When his mother was battling late-stage lung cancer, Duncan Darrow would often drive down to Long Wharf in Sag Harbor, get out of his car, look to the sky, and recite a simple prayer.
“Dear God, all I’m asking for is a fighting chance.”
Charlotte Darrow died in 2001, not long after her diagnosis. But the ritual of reciting that prayer stayed with Mr. Darrow, as did a burning desire to help people who were facing what he and his mother had during the final year of her life — the stress, anxiety and fear that comes with a cancer diagnosis; the sense that they are traveling down an unfamiliar road with no compass, no professional support or guidance, no idea what the future holds, and little, if any, ability to control it. And so, in 2002, he founded a not-for-profit cancer counseling and support services center in Sag Harbor, and he named it Fighting Chance.
Over the 18-plus years Fighting Chance has been in Sag Harbor, it has helped more than 2,000 cancer patients on the East End, providing free one-on-one counseling services, with access to oncology social workers, as well as a comprehensive resource directory for cancer patients, with vital information on everything from pharmacies to transportation options to doctor information and everything in between. The latest chapter in the organization’s commitment to supporting cancer patients on the East End was written last week, when it was part of the ribbon cutting ceremony for the new Phillips Family Cancer Center on County Road 39 in Southampton. The center, which is partnered with Stony Brook University Medical Center and Stony Brook Southampton Hospital, offered an 800-square foot office space to the non-profit, free of charge, giving Fighting Chance a satellite office and visible storefront now in two East End towns.
Mr. Darrow was at the ribbon cutting on Thursday, April 25, and later spoke about the significance of having office space in the new center. He is both passionate about and confident in the services his organization provides, which comes from nearly 20 decades of experience. He speaks fast, with the energy of someone who is dedicated to his work and determined to make things happen, to cross every T and dot every I. It does not seem like a stretch to say that his background as a Wall Street lawyer has made attention to detail a signature of his personality. Even the décor of the offices is an important consideration, a smaller part of a larger whole for Mr. Darrow, who said a “shabby chic, down home, comfy” kind of vibe is what he was aiming for in a space where people need to feel as comfortable and comforted as possible while facing likely the toughest challenge of their lives. The smaller satellite office at the Phillips Family Cancer Center is meant to replicate the look and feel of the organization’s main office space, a 1,500 square foot building overlooking the water on Bay Street, with 14 large windows. While views of cars whizzing by on the busy thoroughfare aren’t as serenity-inducing as the waters in Sag Harbor Village, the presence of windows, at least, helps set it apart.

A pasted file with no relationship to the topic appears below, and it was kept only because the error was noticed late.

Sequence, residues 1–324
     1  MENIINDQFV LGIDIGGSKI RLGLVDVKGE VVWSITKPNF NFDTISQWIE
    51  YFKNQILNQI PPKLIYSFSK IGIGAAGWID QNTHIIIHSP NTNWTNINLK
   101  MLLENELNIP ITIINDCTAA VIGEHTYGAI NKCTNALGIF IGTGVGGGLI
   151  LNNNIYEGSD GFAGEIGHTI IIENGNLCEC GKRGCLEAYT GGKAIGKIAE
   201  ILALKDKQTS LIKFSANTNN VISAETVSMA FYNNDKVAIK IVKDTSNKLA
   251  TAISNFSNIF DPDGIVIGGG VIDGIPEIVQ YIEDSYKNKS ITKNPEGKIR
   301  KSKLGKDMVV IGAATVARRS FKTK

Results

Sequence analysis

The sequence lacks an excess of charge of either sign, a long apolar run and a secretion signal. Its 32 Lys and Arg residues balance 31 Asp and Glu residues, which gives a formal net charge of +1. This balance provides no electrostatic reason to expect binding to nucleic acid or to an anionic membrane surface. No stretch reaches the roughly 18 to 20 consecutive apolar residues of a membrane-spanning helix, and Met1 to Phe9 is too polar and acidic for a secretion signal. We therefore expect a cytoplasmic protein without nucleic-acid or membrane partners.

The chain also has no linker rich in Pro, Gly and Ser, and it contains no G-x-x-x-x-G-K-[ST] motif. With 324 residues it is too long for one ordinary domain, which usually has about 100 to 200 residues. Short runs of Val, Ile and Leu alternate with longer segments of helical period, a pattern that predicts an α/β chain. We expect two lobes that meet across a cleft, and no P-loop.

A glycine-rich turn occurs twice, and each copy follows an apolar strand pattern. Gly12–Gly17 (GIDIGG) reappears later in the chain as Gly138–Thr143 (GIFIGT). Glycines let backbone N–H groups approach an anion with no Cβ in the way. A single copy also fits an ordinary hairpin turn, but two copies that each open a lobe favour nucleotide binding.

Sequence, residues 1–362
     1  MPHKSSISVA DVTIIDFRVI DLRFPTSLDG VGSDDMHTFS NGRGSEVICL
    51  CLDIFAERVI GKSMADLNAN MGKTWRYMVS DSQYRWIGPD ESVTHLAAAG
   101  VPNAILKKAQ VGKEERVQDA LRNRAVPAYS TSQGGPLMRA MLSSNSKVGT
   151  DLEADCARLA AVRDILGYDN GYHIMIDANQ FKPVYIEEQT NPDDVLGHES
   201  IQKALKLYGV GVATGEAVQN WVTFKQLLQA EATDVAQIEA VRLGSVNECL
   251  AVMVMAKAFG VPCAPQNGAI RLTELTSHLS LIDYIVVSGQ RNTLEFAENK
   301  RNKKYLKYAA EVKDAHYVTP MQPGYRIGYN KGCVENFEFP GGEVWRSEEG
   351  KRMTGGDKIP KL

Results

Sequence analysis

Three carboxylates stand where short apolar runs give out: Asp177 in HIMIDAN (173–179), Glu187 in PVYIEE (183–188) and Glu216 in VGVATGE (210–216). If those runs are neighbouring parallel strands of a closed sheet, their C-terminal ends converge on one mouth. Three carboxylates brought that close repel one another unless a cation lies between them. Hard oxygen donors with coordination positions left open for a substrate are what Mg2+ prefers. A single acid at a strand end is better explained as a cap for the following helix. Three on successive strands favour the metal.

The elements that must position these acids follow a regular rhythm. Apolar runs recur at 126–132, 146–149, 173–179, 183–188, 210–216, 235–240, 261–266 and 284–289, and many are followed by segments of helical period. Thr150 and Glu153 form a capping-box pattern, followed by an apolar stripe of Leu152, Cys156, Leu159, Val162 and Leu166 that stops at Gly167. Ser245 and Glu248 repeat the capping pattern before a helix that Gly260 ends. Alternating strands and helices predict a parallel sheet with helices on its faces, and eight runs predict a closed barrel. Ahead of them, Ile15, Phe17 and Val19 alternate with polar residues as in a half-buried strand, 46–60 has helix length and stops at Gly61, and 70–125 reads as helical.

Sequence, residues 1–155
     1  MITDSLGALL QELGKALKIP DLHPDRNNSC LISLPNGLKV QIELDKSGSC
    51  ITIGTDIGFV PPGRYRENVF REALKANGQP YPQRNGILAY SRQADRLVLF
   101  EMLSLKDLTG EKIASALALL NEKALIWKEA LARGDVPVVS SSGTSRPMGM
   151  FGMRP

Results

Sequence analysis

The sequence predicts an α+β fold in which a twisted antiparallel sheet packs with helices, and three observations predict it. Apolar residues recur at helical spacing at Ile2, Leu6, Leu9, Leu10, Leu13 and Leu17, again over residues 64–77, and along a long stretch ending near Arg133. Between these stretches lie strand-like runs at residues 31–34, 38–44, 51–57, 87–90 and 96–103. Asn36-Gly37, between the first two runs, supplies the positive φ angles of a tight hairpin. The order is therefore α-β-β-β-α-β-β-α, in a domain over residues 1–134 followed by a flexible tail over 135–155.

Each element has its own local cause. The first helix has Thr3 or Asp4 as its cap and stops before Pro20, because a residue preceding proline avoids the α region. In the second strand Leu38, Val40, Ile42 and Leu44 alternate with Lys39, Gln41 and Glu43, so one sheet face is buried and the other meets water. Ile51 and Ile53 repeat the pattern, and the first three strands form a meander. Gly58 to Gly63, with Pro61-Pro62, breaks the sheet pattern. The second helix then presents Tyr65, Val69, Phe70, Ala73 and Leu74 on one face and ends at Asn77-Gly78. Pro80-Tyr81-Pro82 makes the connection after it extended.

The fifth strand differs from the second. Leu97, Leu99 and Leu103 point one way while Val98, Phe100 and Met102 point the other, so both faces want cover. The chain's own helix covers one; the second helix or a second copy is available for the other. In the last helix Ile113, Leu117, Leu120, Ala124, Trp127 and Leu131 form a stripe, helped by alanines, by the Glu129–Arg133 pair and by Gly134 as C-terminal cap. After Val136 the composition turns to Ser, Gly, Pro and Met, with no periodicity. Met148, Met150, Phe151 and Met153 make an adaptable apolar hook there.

“We’re trying to create the same feeling in miniature,” he said. “That feeling of serenity.”
Mr. Darrow added that the idea was to create a “non-medical” type of environment for people who are spending far more time than they ever wanted to in medical spaces.
The new office will be split in half by a soundproof wall, with one room for private counseling sessions, and Lauren Richard-Holt, LCSW-C, a social worker who specializes in working with cancer patients, will be on hand in the new office. The new space will also include a state-of-the-art kiosk that will allow patients to book appointments at either Fighting Chance location. Mr. Darrow said he envisions the new office to function as a sort of “net exporter” of appointments, particularly for cancer patients living east of the Southampton area, who may be making frequent trips to the center for treatment but would rather not travel the same distance for counseling.
Mr. Darrow said that Fighting Chance recently earned accreditation from the Joint Commission, which accredits health care organizations and hospitals around the country, and he added that Fighting Chance is the only organization of its kind in the country to receive that status from the commission. He said it helped make bringing a satellite office to the new center a reality, and also added that everyone involved in the large effort to bring the cancer center to Southampton understood the importance of having Fighting Chance there.
“They see that what we do is a critical piece of the holistic, all-under-one-roof concept,” he said. “And people know us.”
In the immediate aftermath of his mother’s death, Mr. Darrow volunteered with East End Hospice, but said he wanted to see a group that would be devoted to caring for cancer patients at the beginning of their journey as well as at the end of life. It’s why Fighting Chance is modeled on what hospice does. And Mr. Darrow is a firm believer that what his organization has done for the last nearly two decades is just as important. The staying power, and continued growth of the organization, seems to indicate that he isn’t the only one who feels that way.
“Our prototype is honed,” he said. “The community gets what we do.”